Are concert-starved music fans ready to pony up for livestream subscription series involving different artists every week? And is it time for established music venues to start experimenting with letting very small and spaced-out audiences back in their doors?
These may seem like two separate questions. But they’re not when it comes to the storied Ryman Auditorium getting experimental on both fronts with a “hybrid concert model”. The 128-year-old Nashville venue that has been voted “Theater of the Year” for the last 10 years straight at the Pollstar Awards is about to host a six-week series of pay-per-view livestream shows, and the hall’s operators expect to let a very limited number of attendees in the doors to provide a live audience for at least some of those gigs.
The series begins next Friday with the Christian group For King & Country, wraps up Sept. 18 with the alt-country band Old Crow Medicine Show, and has four Fridays’ worth of mainstream country stars headlining in-between, with Cam (Aug, 21), Chris Janson (Aug. 28), Scotty McCreery (Sept. 4) and Brett Young (Sept. 11). It was the hope of the Opry Entertainment Group, which runs the Ryman, that the Nashville mayor’s office would start letting handfuls of patrons in by the time of the kickoff show this coming weekend. That may not happen, but they’re still expecting to get a go-ahead some time in the days or weeks ahead.
Anyone watching at home can pay $10 for a single show, $50 for the entire series, and more for packages that include specially branded merch options. Should paying audiences be allowed in, the price point will be $100-plus to be among the first limited audiences since the pandemic began to see a show hosted with stringent safety measures by an established venue and promoter, as opposed to some of the no-social-distancing free-for-alls that have stirred controversy in small towns around the country. Of course, the Ryman’s reps believe that the hallowed hall itself is as much of a selling point as the artists that might play there. (Mandolin, which has long specialized in hosting pay-per-views, is handling the livestream operations for the Ryman.)
What could dipping a toe back into the live audience business in Nashville look like? Variety spoke with Scott Bailey, president of the Opry Entertainment Group, to find out.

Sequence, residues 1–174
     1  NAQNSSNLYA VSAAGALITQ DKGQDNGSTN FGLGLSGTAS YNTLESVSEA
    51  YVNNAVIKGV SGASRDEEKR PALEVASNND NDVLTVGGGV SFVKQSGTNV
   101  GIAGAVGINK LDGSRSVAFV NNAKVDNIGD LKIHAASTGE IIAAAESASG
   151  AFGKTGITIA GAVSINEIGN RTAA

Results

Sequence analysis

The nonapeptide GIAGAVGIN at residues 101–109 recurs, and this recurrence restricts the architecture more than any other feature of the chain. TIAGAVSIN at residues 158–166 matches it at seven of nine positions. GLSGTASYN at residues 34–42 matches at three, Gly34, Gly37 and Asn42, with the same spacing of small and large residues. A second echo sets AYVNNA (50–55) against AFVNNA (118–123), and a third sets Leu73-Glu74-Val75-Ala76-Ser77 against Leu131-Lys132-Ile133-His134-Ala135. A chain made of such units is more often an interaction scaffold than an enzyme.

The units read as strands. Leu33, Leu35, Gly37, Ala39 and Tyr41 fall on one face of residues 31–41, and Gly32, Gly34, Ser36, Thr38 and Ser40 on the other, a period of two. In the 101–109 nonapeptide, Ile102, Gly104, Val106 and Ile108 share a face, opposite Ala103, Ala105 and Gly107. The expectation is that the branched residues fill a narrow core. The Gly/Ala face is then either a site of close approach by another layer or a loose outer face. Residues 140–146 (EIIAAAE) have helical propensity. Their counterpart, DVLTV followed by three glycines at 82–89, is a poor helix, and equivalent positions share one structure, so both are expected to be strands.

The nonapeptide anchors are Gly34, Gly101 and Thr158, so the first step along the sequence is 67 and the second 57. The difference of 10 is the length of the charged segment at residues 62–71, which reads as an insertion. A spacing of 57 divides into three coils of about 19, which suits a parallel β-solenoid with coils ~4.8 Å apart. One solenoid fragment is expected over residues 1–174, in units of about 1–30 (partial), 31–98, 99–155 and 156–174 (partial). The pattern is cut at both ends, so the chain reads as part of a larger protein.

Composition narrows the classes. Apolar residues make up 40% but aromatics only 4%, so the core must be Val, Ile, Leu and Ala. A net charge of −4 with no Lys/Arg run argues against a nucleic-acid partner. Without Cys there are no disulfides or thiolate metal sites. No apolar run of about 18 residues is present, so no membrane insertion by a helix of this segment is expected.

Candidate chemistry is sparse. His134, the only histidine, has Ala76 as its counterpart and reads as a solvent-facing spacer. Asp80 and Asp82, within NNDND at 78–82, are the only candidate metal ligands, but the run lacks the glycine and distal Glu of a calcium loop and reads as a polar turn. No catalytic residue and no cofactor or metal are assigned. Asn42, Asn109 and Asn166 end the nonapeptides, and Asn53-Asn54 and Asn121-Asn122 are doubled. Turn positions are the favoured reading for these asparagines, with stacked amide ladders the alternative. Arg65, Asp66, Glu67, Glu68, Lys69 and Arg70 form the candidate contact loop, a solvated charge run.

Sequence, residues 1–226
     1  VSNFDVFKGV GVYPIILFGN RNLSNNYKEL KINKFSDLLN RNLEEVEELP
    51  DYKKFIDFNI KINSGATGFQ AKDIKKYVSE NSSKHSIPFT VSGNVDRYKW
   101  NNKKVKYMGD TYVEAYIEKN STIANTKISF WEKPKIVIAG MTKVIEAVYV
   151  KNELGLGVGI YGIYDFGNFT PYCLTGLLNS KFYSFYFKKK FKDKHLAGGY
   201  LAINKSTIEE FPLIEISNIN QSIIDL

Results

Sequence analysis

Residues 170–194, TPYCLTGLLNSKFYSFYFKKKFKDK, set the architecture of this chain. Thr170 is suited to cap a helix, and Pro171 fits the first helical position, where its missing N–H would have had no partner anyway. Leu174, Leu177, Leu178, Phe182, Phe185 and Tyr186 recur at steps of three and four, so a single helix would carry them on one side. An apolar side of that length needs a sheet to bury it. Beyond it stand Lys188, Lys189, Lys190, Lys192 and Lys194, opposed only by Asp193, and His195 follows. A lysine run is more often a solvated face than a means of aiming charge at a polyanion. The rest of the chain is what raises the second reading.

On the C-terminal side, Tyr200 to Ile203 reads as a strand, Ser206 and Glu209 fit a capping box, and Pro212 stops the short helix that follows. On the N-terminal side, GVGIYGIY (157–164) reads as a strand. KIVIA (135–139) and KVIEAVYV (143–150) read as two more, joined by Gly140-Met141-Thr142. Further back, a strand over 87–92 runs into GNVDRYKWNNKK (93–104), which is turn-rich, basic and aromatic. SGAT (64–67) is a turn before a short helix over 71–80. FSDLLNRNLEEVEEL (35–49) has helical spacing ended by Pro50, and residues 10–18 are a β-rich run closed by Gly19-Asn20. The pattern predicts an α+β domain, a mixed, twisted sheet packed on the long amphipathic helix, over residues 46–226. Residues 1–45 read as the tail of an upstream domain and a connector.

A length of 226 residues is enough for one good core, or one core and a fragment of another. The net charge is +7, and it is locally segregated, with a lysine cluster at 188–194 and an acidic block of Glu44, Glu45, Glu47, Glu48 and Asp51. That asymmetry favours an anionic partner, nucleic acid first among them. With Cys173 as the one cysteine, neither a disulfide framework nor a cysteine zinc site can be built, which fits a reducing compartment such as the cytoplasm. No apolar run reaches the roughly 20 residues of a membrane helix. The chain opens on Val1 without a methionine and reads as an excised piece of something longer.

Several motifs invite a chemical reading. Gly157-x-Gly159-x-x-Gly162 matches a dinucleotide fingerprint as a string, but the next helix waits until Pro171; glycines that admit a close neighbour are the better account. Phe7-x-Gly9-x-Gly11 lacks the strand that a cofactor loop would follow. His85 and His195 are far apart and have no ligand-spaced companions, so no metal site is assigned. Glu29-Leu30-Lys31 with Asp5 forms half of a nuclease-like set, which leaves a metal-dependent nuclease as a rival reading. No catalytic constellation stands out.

VARIETY: There have been artists who’ve been doing pay-per-view live series from their homes during quarantining, like Brandi Carlile and Melissa Etheridge, but no concert hall of any renown that’s done a multi-artist, venue-based series, right?
BAILEY: Yeah, we’re not aware of anybody else that at this point in time during COVID that has pursued an in-venue hybrid, that includes pay-per-view plus sales for a limited audience in the venue. So it will be a first, and certainly first for Nashville and for us.
Where do you stand on getting city government to sign off on letting audiences in?
Well, here’s where we stand today. So it may change frankly even tomorrow morning. Vanderbilt Medical Center is our partner in helping us to establish protocols for our hotels, the Opry and other franchises, as well as the Ryman. We engaged pretty early with the mayor’s office and health department and walked them through all of our plans in terms of a limited audience within the Ryman, got their guidance on any adjustments and changes, and so we literally are currently in a holding pattern as the mayor is evaluating the current situation in Nashville and whether or not they will approve moving forward. We think we have the support, medically speaking, and that we’re handling it above board in a way to be having the proper enforcements and protocols for those attendees to have a safe environment and enjoy an amazing experience. Based on the homework that we’ve done and the confidence that we’ve built in how we’ve handled things thus far, we’re optimistic that there will be a point during this series where we will be able to allow patrons into the actual venue itself.
Do you have like an ideal target of how many people you’d like to have in the venue and have everyone feel safe?
Yeah, we do. We’ve pegged it at — and what we’ve represented to Metro Health is — about 15% capacity, which puts us in around the 300- to 350-individual category. We think that that is a reasonable and responsible number. We have maps that illustrate seating charts and distancing and all the things that go into how that would come together.
The Ryman hosts a lot of rock acts during the year and has even had hip-hop. With this six-week series, you’re focusing on genres or subgenres that are kind of native to Nashville — country, alternative country and Christian. Do you see opening it up if this works out and you can do more series?